137 Tilman Grammes Symbols of Citizenship Education in Schools



137 Tilman Grammes Symbols of Citizenship Education in Schools
Journal of Social Science Education Volume 13, Number 1, Spring 2014 ©JSSE 2014 DOI 10.2390/jsse-v13-i1-.1315
ISSN 1618–5293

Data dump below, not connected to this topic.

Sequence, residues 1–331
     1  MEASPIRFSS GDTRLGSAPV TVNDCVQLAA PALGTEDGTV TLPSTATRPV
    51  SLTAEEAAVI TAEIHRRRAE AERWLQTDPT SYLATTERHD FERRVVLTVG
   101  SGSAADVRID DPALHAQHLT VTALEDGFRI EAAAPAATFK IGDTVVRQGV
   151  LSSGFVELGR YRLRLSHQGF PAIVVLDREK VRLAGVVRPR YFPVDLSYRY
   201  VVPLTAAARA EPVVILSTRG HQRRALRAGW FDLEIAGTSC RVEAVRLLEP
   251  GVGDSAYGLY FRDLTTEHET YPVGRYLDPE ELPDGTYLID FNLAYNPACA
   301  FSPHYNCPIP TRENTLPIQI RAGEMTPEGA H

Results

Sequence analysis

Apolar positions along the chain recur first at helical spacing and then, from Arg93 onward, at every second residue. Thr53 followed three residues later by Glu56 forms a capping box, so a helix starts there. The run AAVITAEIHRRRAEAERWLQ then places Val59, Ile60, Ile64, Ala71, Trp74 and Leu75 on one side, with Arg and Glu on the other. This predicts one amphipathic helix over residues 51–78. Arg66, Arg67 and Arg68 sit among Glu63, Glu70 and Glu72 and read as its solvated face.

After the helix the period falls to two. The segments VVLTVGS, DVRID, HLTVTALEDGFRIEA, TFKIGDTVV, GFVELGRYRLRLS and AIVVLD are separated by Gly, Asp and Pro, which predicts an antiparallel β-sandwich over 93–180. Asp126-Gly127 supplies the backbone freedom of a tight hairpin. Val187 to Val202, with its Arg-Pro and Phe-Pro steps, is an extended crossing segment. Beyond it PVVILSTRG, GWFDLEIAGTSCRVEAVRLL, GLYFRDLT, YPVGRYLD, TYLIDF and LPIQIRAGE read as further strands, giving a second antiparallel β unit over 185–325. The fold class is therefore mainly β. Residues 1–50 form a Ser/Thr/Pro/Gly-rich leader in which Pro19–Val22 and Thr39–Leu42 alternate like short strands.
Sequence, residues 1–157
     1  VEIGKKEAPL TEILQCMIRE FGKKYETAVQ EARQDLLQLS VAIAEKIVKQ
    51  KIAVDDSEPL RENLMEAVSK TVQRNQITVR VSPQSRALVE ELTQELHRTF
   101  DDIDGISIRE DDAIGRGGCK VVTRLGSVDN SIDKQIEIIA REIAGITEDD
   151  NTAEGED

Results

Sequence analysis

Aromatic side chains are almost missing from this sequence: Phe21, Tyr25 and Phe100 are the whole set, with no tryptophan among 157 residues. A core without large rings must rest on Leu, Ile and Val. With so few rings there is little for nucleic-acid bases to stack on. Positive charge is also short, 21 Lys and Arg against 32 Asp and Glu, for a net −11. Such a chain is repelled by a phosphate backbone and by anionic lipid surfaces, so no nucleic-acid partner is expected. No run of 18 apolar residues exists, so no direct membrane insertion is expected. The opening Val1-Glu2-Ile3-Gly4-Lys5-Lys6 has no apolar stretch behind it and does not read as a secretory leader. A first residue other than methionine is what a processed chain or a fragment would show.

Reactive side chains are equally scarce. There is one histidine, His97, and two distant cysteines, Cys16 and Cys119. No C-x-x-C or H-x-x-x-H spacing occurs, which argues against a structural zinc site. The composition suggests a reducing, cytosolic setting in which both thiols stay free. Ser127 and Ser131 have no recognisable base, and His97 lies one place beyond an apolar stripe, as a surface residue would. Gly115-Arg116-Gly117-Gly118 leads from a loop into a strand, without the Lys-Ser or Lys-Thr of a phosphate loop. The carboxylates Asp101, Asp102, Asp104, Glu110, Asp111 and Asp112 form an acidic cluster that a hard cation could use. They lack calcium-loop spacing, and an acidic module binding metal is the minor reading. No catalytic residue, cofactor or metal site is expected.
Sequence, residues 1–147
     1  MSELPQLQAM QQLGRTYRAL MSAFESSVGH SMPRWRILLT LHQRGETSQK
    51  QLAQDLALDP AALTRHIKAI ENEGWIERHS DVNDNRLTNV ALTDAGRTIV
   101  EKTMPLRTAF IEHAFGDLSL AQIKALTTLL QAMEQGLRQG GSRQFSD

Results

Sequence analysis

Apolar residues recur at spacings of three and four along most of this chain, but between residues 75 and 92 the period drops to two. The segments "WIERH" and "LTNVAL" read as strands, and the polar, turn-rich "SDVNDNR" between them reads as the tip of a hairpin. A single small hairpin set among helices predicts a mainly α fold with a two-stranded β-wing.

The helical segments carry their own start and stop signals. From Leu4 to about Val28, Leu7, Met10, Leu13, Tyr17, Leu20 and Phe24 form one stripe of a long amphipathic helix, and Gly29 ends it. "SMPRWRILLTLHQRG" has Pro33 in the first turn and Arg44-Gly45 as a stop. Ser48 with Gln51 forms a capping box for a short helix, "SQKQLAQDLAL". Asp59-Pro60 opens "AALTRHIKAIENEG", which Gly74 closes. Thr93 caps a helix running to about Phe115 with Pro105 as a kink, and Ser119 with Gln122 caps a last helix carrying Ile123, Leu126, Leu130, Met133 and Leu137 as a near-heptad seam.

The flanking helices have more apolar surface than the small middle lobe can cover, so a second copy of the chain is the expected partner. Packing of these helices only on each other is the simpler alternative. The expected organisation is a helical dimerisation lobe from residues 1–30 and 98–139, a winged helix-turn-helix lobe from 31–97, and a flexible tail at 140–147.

Tilman Grammes Symbols of Citizenship Education in Schools: A Pictoral Analysis This gallery is designed to simulate a walk through a school building regarding symbols, moments and rituals of formal and informal citizenship education as it might appear to a pupil/student/teacher during the course of a normal school day. The five contributions from Japan, Poland, Luxemburg/Germany1, Germany and Denmark document examples from the actual citizenship studies curriculum. A contribution from Turkey had to be halted owing to a failure to obtain permission for the project from the Ministry of Education. The following elements (motifs) were to be included in all of the examples to facilitate comparability: 1 The school entrance (open/closed; name of the school; security facilities …) 2 The school grounds/courtyards (with symbols and signs of belonging) 3 The entrance foyer as often displaying a mission statement, flag or other forms of identification and affiliation 4 Corridors to the classrooms, including wall decorations (official artefacts, student work …) 5 The interior of a Civics or Social Studies classroom a) The front of a classroom with the teacher’s desk (if there is one), and black or white board, including wall decorations around it b) Civics or Social Studies lesson of, students engaging in individual or group work or indicating a desire to speak in a plenary setting, seating arrangements, examples of the clothes students might wear including school uniforms. c) Wall decoration in the classroom (poster with classroom rules, examples from student work, …) 6 A "typical" page from a civics textbook 7 An assembly hall, probably during a particular school event (associated in some way with CE) 8 An entrance to a teachers’/staff room (open to everybody/closed) 9 School events related to Citizenship Education (“Independence Day” or substitute) 10 The school’s homepage: the presentation of the school to the wider public (with reference perhaps to how the school got its name or to other facets of its history) The various elements are presented below in two ways: First in a “vertical” gallery arranged randomly by school and secondly in a “horizontal” gallery according to theme with commentaries omitted in the latter. All photographs were taken by the authors; in one case (Denmark), the team employed a professional photographer. The inclusion of students and staff in the photographs was not specified in advance. In the Japanese collection, students and staff are included in most pictures. Two of the schools (Deutsch‐Luxemburgisches Schengen‐Lyzeum Perl; Stadtteilschule Am Hafen, Hamburg) have an explicit “European” profile. The Danish educational site is an example of a university campus and does not contain all of the motifs. With the exception of the Japanese gallery, the individual contributions focus on one location only. Furthermore, bilingual commentaries are available in the case of the Japanese contribution in other to facilitate analysis of the translation. Additional motifs for own attempts might for example be: ‐ A student assembly room or student assembly in progress ‐ Links with the outside work: for example a student project or service learning in the local community or other form of contact with the general public ‐ Power and access: For example access to different forms of digital tools; students with or without iphones during breaks/school site online or off‐line For use in academic seminars, the photographs can be printed in colour and sorted into groups, commenting on the nature of the classifications afterwards. Interpre‐